Gender bias is among the primary forms of discrimination, which is often reinforced in an early childhood setting through toy manufacturing. As a result of this early gender stereotyping, children often perceive abilities and hobbies to be gender-specific when they aren't in actuality.
A couple of months ago, the White House held a conference on gender stereotypes in toys and media. After the conference, Target announced that it would get rid of signs labeling toy aisles for boys and girls. Additionally, a UK Campaign called "Let Toys be Toys" has been encouraging retailers to stop categorizing books and toys as for one gender only.
Retailers have not always separated toys by gender categories in the same manner they do now. In the 1970's, you wouldn't see one aisle dedicated to trucks and building blocks and one with tea sets and dolls. However, this issue has grown in recent years, and in the past two years or so, companies have begun reacting by implementing new toy categorization policies.
Although the issue may seem slightly trivial, the types of toys a child plays with has a very large influence on their development and gender identity later on. Toys help children learn new skills and develop intellectually. For instance, dolls help children learn about cognitive sequencing and early language skills, whereas building blocks and lego puzzles teach children better spatial skills. Marketing these toys towards one specific gender is, in some ways, a form of discrimination because children of the opposite gender are deprived from gaining these same developmental skills.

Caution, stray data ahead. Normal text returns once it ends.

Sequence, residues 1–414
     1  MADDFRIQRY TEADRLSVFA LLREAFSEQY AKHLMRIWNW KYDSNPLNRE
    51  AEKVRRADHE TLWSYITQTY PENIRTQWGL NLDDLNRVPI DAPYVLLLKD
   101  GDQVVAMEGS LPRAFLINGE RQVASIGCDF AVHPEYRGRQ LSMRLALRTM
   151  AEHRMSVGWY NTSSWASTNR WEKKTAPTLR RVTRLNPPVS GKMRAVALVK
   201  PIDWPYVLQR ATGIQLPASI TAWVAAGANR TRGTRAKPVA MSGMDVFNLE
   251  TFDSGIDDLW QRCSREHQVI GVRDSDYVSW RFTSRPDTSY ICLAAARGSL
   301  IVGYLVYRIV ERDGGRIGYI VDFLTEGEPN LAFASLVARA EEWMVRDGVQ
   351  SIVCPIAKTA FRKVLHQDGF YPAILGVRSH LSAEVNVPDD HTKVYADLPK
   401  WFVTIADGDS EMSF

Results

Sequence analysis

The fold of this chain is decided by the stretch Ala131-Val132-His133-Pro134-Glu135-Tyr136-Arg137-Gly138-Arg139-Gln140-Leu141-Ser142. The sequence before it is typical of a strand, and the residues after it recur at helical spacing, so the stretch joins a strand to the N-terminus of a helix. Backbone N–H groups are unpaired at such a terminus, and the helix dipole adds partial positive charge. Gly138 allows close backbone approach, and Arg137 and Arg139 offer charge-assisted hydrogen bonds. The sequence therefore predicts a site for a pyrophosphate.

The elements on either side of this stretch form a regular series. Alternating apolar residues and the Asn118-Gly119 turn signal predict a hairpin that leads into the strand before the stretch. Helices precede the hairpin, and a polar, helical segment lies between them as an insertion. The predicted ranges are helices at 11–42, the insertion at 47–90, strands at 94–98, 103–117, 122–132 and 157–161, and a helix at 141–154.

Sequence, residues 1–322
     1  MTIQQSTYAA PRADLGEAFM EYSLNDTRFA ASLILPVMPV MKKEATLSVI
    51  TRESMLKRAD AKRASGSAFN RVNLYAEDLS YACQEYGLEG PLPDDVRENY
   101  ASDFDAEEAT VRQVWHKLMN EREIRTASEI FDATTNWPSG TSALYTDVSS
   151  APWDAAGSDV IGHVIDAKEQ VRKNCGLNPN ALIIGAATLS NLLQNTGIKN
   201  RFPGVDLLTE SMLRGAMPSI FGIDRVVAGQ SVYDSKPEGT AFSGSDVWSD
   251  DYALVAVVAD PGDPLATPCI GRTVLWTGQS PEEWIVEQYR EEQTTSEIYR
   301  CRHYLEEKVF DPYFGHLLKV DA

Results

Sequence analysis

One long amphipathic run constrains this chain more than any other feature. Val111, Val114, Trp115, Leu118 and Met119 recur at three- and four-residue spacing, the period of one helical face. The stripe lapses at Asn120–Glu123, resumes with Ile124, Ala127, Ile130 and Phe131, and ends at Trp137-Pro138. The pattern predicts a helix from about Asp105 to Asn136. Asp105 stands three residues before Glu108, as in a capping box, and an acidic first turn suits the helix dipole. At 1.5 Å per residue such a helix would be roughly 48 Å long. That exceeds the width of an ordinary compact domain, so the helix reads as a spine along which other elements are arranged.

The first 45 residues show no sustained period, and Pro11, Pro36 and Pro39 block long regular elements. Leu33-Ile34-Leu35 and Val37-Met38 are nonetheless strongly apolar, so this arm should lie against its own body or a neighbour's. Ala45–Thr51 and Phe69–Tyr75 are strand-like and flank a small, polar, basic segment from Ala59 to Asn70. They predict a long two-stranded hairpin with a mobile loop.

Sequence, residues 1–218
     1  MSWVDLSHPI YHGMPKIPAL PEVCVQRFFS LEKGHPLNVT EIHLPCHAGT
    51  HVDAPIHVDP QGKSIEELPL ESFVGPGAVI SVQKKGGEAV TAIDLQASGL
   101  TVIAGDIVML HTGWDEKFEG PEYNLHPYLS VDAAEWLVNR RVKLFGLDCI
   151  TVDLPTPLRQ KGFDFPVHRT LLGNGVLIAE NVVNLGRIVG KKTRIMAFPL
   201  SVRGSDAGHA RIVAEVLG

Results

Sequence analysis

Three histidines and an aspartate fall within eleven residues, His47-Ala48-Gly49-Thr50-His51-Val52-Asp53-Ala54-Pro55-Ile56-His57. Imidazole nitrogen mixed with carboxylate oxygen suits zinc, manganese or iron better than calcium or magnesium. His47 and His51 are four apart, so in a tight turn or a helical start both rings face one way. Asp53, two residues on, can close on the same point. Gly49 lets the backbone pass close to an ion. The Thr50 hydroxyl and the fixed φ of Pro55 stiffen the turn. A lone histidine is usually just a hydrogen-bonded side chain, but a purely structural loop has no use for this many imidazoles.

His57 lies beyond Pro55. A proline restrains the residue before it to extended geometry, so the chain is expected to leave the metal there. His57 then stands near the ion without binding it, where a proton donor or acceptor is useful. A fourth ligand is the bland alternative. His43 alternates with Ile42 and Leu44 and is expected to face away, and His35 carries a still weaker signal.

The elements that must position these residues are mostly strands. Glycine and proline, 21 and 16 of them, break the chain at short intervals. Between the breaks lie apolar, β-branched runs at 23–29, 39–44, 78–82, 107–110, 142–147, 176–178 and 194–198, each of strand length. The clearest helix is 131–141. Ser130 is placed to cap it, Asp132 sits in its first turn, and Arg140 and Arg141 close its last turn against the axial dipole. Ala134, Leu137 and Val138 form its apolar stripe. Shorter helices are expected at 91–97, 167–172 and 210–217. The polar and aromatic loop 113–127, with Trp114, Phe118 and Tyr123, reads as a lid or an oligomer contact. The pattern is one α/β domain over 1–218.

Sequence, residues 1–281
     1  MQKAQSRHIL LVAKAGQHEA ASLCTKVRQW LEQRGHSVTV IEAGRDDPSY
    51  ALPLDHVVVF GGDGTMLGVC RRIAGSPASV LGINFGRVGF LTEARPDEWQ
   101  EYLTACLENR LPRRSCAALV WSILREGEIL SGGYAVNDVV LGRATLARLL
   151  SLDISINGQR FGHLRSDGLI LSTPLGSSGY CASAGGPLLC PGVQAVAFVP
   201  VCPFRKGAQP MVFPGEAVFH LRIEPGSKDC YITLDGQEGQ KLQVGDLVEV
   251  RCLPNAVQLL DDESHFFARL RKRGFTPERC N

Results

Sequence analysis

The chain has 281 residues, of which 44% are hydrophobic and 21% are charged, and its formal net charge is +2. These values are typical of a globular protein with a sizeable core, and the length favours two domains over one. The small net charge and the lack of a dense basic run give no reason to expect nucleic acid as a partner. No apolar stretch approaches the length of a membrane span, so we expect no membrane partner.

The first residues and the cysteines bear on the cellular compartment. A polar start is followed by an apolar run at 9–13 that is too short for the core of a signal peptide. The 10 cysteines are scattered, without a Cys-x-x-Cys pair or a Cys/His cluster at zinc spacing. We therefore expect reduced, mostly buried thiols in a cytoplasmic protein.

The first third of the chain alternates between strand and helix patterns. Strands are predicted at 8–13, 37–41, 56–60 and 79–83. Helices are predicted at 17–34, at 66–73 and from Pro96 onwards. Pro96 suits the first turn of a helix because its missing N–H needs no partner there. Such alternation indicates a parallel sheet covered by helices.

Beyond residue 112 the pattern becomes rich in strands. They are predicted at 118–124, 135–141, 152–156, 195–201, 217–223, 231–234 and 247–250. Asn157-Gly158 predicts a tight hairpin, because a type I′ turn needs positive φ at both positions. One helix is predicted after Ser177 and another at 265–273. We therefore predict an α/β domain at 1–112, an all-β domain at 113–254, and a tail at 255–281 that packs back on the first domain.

It is also interesting to note that preferences for different toys only appear after a child learns of their gender. Babies do not have a preference between different toys. This suggests that this issue is, indeed, an issue of gender separation. Since children think in black and white terms to begin with, once they learn of the expectations of their gender, they will be all the more inclined to choose toys associated with that gender.
So how can we make this issue less "black and white" and encourage the manufacturing and marketing of new toys to be more gender-neutral? Here are a couple of discussion questions to guide your thinking:
- Do you think this issue is predicated on different marketing or manufacturing strategies?
- Do you think gendered toys negatively influence childhood development?
- What do you think of Target's decision to get rid of "boy" and "girl" aisles? What are the pros and cons of a decision like this? Should other companies imitate this strategy?
- How do you think the media interplays with this phenomenon?
- What do you think are the long-term effects of gendered toys?